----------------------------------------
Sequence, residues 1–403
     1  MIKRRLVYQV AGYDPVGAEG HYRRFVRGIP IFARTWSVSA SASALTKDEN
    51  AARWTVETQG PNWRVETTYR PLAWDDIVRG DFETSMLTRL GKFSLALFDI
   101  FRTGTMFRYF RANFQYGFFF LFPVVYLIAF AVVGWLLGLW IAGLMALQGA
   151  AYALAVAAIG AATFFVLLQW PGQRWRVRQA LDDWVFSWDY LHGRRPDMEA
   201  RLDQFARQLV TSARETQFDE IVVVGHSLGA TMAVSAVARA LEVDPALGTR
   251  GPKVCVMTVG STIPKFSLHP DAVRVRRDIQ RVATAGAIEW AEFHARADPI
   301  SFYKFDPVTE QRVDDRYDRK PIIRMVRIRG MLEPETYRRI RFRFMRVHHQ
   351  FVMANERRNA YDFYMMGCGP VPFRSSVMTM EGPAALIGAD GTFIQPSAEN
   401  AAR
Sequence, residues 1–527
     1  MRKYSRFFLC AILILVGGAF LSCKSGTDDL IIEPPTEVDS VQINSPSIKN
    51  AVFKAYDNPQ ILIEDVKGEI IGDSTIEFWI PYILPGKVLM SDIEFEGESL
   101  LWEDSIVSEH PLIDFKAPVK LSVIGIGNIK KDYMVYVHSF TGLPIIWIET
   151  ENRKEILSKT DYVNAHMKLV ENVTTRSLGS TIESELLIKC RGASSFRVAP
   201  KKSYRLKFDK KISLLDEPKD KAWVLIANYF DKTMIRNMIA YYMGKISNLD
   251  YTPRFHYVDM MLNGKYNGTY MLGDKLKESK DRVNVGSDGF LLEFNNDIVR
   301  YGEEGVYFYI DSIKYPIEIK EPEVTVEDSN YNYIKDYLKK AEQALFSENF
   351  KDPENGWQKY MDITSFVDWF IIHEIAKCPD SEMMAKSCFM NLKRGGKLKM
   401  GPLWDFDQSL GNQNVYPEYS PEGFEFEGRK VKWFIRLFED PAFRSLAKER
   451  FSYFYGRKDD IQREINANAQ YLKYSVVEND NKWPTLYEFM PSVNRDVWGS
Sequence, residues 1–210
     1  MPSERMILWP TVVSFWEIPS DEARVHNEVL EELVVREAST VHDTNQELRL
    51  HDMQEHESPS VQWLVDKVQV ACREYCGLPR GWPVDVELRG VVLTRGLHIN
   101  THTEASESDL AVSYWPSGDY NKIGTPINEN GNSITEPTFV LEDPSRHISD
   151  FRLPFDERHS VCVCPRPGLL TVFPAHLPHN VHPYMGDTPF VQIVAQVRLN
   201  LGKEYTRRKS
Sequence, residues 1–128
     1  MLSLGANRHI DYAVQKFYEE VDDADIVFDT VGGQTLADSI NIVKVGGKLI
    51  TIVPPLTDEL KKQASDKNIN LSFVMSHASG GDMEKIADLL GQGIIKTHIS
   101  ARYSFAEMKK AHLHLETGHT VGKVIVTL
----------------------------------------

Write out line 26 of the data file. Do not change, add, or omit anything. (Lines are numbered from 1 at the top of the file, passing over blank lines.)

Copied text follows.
   151  FRLPFDERHS VCVCPRPGLL TVFPAHLPHN VHPYMGDTPF VQIVAQVRLN